Saturday, June 11, 2011

Christopher Lee's New Chamber Of Horrors

Peter Haining (ed.) - Christopher Lee's New Chamber Of Horrors, (Souvenir, 1974: Mayflower [2 vols.], 1976)

C. Lee; reluctant as ever to exploit his despised 'Dracula'/ Hammer credentials.

Introduction - Christopher Lee

E. F. Benson - The Room In The Tower
M. R. James - Count Magnus
Mary Shelley - The Transformation
Bram Stoker - The Burial Of The Rats
Sax Rohmer - The Whispering Mummy
Sir Arthur Conan-Doyle - The Leather Funnel
Arthur Machen - Out Of The Earth
Lord Dunsany - The Magician
Algernon Blackwood - The Empty Sleeve
H. P. Lovecraft - The Thing On The Doorstep
Robert Bloch - Return To The Sabbath
Fritz Leiber - Four Ghosts In Hamlet
John Collier - The Devil, George And Rosie
Ray Bradbury - The October Game
Dennis Wheatley - A Life For A Life
Richard Matheson - No Such Thing As A Vampire

About Christopher Lee - Peter Haining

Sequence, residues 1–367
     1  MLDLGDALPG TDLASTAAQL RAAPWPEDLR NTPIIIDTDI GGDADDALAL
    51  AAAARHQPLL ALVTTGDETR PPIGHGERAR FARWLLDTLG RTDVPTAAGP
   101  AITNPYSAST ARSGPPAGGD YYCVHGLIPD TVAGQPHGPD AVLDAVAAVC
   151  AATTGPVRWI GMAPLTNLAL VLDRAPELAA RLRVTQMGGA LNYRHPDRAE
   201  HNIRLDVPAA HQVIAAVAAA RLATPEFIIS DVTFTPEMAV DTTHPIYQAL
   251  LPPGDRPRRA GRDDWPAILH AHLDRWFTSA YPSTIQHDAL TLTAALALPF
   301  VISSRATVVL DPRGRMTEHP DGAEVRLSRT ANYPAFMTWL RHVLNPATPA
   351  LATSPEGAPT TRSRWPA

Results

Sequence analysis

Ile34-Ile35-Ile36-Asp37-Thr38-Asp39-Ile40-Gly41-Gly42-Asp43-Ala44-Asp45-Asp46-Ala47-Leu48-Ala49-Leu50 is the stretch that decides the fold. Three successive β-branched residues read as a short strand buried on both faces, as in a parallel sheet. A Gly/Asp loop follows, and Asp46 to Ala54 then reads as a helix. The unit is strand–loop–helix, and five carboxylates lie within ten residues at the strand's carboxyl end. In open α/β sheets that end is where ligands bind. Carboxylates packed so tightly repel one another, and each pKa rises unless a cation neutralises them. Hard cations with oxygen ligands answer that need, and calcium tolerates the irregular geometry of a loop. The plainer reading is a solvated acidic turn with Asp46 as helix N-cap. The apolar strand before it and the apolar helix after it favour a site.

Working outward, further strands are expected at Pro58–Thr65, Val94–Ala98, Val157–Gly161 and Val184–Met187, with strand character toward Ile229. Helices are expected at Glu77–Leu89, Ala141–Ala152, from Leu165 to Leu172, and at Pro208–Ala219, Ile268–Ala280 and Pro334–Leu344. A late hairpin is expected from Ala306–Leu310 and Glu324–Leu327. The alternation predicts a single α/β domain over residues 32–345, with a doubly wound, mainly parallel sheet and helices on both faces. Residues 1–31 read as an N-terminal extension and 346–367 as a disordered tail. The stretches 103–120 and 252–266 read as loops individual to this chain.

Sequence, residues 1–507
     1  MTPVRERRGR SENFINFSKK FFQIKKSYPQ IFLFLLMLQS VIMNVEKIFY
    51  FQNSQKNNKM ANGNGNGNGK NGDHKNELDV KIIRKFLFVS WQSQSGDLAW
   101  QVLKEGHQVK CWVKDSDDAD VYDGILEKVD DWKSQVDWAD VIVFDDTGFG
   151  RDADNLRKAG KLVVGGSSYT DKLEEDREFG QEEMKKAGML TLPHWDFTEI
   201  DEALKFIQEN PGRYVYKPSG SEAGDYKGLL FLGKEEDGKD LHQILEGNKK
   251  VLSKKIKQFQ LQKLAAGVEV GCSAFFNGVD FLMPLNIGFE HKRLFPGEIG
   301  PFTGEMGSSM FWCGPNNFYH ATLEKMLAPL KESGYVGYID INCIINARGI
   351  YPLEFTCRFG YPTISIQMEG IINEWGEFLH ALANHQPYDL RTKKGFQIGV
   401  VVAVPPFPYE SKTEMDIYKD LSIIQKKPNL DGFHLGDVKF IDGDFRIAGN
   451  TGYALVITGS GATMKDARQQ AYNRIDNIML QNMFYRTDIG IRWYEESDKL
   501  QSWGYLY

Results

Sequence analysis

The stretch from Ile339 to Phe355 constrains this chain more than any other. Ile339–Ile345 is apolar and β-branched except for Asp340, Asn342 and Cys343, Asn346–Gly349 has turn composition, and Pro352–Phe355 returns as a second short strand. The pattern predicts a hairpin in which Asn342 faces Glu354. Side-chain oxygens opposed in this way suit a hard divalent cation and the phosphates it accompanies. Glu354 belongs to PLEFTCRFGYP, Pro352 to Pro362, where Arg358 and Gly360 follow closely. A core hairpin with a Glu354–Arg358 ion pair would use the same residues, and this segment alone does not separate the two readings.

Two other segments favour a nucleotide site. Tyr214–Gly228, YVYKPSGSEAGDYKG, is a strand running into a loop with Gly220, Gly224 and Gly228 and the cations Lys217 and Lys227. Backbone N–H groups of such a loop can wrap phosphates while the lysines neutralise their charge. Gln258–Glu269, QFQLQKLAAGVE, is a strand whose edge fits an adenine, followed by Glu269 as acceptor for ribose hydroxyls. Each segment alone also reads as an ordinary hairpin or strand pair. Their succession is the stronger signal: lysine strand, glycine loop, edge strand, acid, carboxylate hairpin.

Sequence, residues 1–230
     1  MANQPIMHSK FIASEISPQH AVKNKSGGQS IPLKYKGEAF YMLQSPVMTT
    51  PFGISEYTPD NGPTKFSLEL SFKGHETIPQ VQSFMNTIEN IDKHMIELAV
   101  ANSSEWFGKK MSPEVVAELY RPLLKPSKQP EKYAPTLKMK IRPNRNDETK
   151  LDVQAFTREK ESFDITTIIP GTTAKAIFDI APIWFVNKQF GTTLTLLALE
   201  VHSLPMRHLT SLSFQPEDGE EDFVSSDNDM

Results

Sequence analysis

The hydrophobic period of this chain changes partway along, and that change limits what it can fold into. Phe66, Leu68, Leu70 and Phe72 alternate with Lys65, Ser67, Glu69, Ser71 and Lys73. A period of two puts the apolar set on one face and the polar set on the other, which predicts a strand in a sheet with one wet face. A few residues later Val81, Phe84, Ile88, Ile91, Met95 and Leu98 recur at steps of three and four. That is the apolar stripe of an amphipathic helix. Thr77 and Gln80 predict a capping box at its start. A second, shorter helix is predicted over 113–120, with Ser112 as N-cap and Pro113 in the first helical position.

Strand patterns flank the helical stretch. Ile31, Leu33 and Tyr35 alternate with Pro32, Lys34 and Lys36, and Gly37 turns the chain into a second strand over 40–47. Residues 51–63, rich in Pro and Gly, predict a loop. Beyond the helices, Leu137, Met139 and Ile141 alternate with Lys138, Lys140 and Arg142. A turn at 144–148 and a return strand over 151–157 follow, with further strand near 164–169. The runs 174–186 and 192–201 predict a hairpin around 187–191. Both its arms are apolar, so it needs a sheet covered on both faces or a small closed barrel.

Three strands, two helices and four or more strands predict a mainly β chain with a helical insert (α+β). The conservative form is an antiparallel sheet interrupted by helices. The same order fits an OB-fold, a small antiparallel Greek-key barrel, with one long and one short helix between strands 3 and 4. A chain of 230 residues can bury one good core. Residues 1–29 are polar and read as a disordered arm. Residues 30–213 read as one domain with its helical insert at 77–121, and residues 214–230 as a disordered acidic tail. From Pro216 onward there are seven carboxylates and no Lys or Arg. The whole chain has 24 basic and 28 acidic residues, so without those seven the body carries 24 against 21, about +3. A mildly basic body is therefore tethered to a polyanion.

"Christopher Lee, the 'Crown Prince of Terror' certainly knows a monster when he sees one! ... Herein are not only his favourite tales of fright, but a discussion of his own career and the important part horror plays in it" enthuses (presumably) Peter Haining on the inside cover blurb. A class if, again, over familiar collection with a 14 page photo-insert, the bulk of the contents have already been given the treatment on here. My guess is that many of these were Lee's choices whereas the selections in his anthologies with Michel Parry were most likely picked by his co-editor. Ray Bradbury's The October Game, wherein a man realises that the only way he can get back at his despised wife is through their daughter, remains one of the most shocking horror stories I've ever read. Bloch is less jokey than usual in his story of a film star who upsets his fellow Black Magicians by incorporating some of their secrets into his movies. Collier's The Devil, George and Rosie is too whimsical to be horrible, but fun for all that. No such problem with Conan-Doyle's The Leather Funnel, once lauded by Hugh Lamb for its "pointless cruelty". The Burial Of The Rats is memorable for its chase scene conducted in near silence, while A Life For A Life catches Wheatley in uniquely boring non-fiction mode. The vampire content - Matheson, E. F. Benson and James - is impeccable. The three i need to re-read are the Rohmer, Leiber and Machen for, despite scoring them highly in my tragic red asterisk/ blue asterisk/ no asterisk phase, i can no longer remember a damn thing about them.

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